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Sociology synopsis - To what degree is torture considered cruel and unnatural?

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Siobhain Bowen Sociology Synopsis 3/11/03 AOC12MA Within Foucault's article we see the horrific ways in which Damien's was punished and tortured for the killing of the king in 1757, giving the gruesome details of his torture Foucault is showing us the changes in which punishment and discipline has changed over the past 250 years. Regardless of what a person does for a crime no one has the right to treat one of Gods creatures in such a cruel and vicious manner. Damien's case was and still is a popular case that is studied in many areas but to what degree is torture considered cruel and unnatural? Who has the right to say no! After viewing Damien's account of the public ways in which punishment is dished out we get an example of a typical daily routine for a prisoner in the early 19th century. The "police" or the high courts may see themselves as having the last and final word but under no circumstances can someone have the so called "right" to treat the human body in such a manner just to prove a point. Public executions were a big thing back in the 16th to late 19th century. They were there for personal amusement and game. They were there to make a standpoint as to what happens if certain crimes were committed or if you killed someone. Throughout the history of public executions we see a pattern that occurred regularly and that continues today. The rich were spared torture and instead got beheaded to spare the family shame. When all torture was concluded, the criminals were just beheaded, for this was a movement away from the "body" of the criminal suffering and the repenting of the "soul" of the criminal instead. No one should ever have to go through such torture just because a crime they have committed. I am not saying that I don't agree with the crimes that were committed or whom they were committed by but indeed people do ...read more.


Each one within the dominant class has its own worldviews and way of living and mode fo living. The fractions have different interests, careers, and even habitus. All which are issues of taste. Their conflicts represent attempts to impose the dominant principle of domination as well as secure the conversion rate for the type of capital, which each group id best provided. Currently, there are still remaining tensions between the old bourgeoisie and the new. Today's credit economy best accommodates the new bourgeoisie, who consume greatly and are the vendors of symbolic goods and services such as cinema and fashion. Whereas the old bourgeoisie represents formality and conservatism, the new one is relaxed, highly educated and active. Bourdieu often uses a graphical representation of the statistical correlation between lifestyle practices and objective life-chances. He uses this term social space to refer to this schematic representation. "Social space," writes Bourdieu, "is constructed in such a way that agents or groups are distributed in it according to their position in statistical distributions based on the two principles of differentiation which, in the most advanced societies, such as the United States, Japan or France, are undoubtedly the most efficient: economic capital and cultural capital." On one hand, social agents closest in the amount of overall capital they possess are closest in social space, that is, closest in the probability of life chances, of sharing comparable lifestyles and tastes and of associating with one another. On the other hand, the composition of capital, or the relative importance of cultural and economic capital, connects or separates social agents. "The differences stemming from the total volume of capital almost always conceal, both from common awareness and also from 'scientific' knowledge, the secondary differences which, within each of the classes defined by overall volume of capital, separate class fractions, defined by different asset structures, i.e., different distributions of their total capital among the different kinds of capital." ...read more.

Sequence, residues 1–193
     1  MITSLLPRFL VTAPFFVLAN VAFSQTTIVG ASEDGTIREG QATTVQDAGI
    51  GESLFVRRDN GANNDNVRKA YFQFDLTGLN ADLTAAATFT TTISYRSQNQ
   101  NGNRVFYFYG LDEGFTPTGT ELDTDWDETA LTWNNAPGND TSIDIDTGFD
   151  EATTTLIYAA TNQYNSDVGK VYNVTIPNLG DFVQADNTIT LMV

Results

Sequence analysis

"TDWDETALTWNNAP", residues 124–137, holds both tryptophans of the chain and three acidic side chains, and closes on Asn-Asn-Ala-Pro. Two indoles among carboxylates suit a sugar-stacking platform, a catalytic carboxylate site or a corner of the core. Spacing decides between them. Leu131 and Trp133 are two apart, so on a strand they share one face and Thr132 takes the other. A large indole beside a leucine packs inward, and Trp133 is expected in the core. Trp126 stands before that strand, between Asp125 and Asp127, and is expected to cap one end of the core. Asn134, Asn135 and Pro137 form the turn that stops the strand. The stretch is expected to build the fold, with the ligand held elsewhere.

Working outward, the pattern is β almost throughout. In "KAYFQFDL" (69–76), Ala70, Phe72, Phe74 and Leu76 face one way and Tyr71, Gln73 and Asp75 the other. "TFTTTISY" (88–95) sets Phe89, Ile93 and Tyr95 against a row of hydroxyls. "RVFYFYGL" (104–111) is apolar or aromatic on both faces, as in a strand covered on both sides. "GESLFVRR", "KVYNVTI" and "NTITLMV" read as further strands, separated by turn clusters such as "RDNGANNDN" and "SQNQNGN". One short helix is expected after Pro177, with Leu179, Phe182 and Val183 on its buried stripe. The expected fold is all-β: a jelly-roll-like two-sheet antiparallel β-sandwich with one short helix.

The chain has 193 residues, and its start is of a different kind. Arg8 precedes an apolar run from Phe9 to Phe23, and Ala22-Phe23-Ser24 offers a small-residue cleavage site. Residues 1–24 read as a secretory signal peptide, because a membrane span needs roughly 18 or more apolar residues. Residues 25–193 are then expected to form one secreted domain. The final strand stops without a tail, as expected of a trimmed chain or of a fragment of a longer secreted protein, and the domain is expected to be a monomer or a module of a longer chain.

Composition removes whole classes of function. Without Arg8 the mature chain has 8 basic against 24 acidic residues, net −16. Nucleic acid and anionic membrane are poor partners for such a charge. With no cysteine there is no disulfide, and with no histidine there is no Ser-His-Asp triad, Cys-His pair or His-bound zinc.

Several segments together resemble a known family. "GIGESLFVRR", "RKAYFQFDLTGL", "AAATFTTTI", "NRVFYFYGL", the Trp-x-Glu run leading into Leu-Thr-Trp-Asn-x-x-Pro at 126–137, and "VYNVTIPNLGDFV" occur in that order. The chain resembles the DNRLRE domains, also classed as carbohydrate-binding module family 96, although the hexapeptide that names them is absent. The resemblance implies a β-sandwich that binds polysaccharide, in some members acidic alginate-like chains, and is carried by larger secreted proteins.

public opinions. Now we have, Habernas says, a "quasi feudal type of society. Where the majority of the population is excluded from the decision making process. Here Thompson says that "critical principle of publicity is the core concept of a theory of democracy and of democratic will formation which, at the time of writing Structural Habernas was just beginning to formulate. Using the example that the media campaigns for presidential and general elections in the age of TV are such a persuasive feature nowadays. The decline of the bourgeois public sphere was the result of overlapping trends. There was the separation of state and society which had created an institutional space for the public sphere began to gradually break down. As things started to break down, states started to take on an increasingly interest for managing the welfare of citizens. The salons and coffee houses declined in significance and the periodical press became a range of media institutions . Habernas wanted to argue that the bourgeois pubic sphere embodied certain ideas and principles which retain their relevance. Habernas' work offers an historical narrative of the changing forms of public life which in many ways is quite compelling. It combines a perceptive historical account for the political culture of early modern Europe with a sharp critical perspective on the degradation of public life in our societies today. Habernas' arguments are both in historical and general terms; so which arguments hold up the most. In the preface of 'Structure to Transformation' Habernas explained his account work to be limited to the 'liberal model of the bourgeois public sphere' and that he would leave aside that 'variant of the liberal model; eventually became the plebeian public sphere. To some it was clear that this schematic way of characterizing popular social and political movements was not satisfactory. It was clear to Habernas that this model was regarded as an idealization of actual historical processes; although the bourgeois public sphere was based on the principle of universal access. ...read more.